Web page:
The digital practice is the key to success

By Dr Bernd Reiss
March 14, 2019

MALSCH, Germany: A concern regarding digitalisation is that it is linked to the risk of important professional disciplines losing significance in the public perception. The daily routine of a dentist is characterised by a variety of different challenges and tasks. From initial diagnosis to therapy planning, the concrete realisation still remains in the hands of the dentist. In the face of the omnipresent issue of digitalisation, the necessary manual dexterity is increasingly pushed to the background, and yet, it is among the most vital prerequisites for quality and sustainable dental care. In dental practice, there are some key areas that are gaining increasing importance: periodontics, implant dentistry, functional therapy, aesthetic dentistry, holistic dentistry, sports dentistry, the list goes on.

Considering the manifold prerequisites, digitalisation is as versatile as its various fields of application. In the field of diagnostics, the main focus is on imaging procedures. There are many exciting developments to be expected in this field this year. In CBCT systems, the radiation exposure levels continue to drop on the one hand, and digital algorithms have increased imaging quality, on the other hand, resulting in better interpretation of the images as a consequence. When it comes to MRI, there will probably be new exciting advancements as well.

However, all eyes will most likely be on the advancements made in the field of aesthetic dentistry. Virtual reality is already an integral part of the new media and it continues to have a strong influence on dental practice too. The visualisation of a possible treatment outcome of a prosthetic treatment goes beyond the depiction of schematic case studies and includes actual clinical results. Moreover, augmented reality will bring new possibilities of communicating with a patient. In addition, it can be considered a new tool for the professional exchange with the dental technician. Making therapy decisions, such as the choice between a resin restoration, veneer, crown or implant restoration, will become easier as well.

The most influential developments are to be expected in the area of orthodontics, however. In this discipline in particular, the borders between therapy planning and subsequent therapy are blurred, which is due to an ongoing increase in the application of aligners. When it comes to implant dentistry, digital procedures are already well established: backward planning, superimposition of digital impressions and CBCT data, surgical guides and individualised abutments, which are not only used for definitive restorations, but as customised healing abutments as well— just to name a few examples of exciting therapy-improving approaches in the field of implant dentistry. In the area of CAD/CAM technologies, interesting trends were experienced already at IDS 2017: not just digital impression-taking, but the entire digital workflow up to the finished restoration are already integral parts of many treatments.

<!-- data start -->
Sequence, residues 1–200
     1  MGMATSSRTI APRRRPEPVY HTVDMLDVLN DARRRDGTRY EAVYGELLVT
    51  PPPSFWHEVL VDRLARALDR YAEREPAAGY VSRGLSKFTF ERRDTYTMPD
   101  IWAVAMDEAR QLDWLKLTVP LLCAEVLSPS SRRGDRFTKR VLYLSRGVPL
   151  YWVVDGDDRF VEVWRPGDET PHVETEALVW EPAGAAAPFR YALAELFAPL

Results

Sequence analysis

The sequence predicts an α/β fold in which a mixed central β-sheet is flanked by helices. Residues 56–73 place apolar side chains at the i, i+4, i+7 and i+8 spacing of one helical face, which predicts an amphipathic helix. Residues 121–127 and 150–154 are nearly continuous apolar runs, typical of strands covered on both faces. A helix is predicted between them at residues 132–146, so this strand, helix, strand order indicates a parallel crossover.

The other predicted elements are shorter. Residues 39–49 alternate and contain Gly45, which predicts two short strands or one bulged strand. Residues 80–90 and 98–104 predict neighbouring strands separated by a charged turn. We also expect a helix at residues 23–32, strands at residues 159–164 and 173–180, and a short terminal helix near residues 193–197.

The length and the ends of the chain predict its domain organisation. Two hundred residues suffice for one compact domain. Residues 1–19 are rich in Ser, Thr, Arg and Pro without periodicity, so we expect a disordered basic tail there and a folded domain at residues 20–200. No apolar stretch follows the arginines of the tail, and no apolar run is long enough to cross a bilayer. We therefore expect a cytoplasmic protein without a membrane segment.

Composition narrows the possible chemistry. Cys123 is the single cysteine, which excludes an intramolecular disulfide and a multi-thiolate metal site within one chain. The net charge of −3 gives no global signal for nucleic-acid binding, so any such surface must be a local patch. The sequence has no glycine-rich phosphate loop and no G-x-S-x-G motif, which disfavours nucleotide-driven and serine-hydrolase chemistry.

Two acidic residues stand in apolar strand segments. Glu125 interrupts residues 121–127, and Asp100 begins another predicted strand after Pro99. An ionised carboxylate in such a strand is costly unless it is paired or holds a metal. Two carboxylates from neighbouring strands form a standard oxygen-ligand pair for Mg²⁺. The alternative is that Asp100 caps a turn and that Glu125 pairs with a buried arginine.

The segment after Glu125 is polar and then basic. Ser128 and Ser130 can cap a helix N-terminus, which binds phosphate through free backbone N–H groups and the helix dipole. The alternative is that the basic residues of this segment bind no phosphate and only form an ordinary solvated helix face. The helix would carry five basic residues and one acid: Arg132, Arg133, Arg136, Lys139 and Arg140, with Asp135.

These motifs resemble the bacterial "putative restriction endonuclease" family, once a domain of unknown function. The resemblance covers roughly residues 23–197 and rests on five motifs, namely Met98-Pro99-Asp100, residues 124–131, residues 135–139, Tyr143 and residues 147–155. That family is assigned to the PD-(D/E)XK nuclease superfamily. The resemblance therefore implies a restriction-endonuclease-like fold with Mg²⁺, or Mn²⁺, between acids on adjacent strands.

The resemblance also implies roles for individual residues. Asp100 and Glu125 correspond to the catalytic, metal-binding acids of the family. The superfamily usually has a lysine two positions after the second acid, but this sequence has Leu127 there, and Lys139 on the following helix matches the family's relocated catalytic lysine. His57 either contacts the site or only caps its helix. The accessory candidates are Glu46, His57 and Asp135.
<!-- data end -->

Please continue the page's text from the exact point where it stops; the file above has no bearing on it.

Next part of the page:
In some cases, “impression-free” practice as a dogma might come with certain risks, as conventional plastic impression-taking is superior, not only when it comes to functional impressions for complete prostheses, but for many other speciality applications as well. Considering digital impressions and the resulting digital models, however, there are entirely new approaches and possibilities for prosthetics and orthodontics: relatively simple analytic procedures allow for the visualisation of clinical situations in dimensions relevant to the dentist. The course of recessions can not only be predicted and calculated, but can be measured metrically as well. In the case of the increasing prevalence of erosions and abrasions, active and stable phases of loss of substance can be identified and quantified. The possibility of easily and precisely monitoring progress creates completely new opportunities for the dentist. This applies to both therapy decisions, as well as the vital maintenance phase after a dental therapy.

For decades now, the DGCZ has been supporting dentists from all disciplines, computer applications being relevant to all professional disciplines. Science-based, application-oriented (owing to the efforts of numerous colleagues) and practical assistance: the DGCZ keeps dentists updated in collaboration with the Digital Dental Academy (DDA) Berlin. One thing is certain: a dentist who wants to remain successful in an always-changing environment has to take up the challenges of the digital world with competence and confidence.

1 Comment

  • Darrell Pruitt says:

    Nice article, Dr Bernd Reiss. Lots of promise, one concern: When a patient asks if digital dental records are more secure than the paper records they replace, how should a dentist respond?

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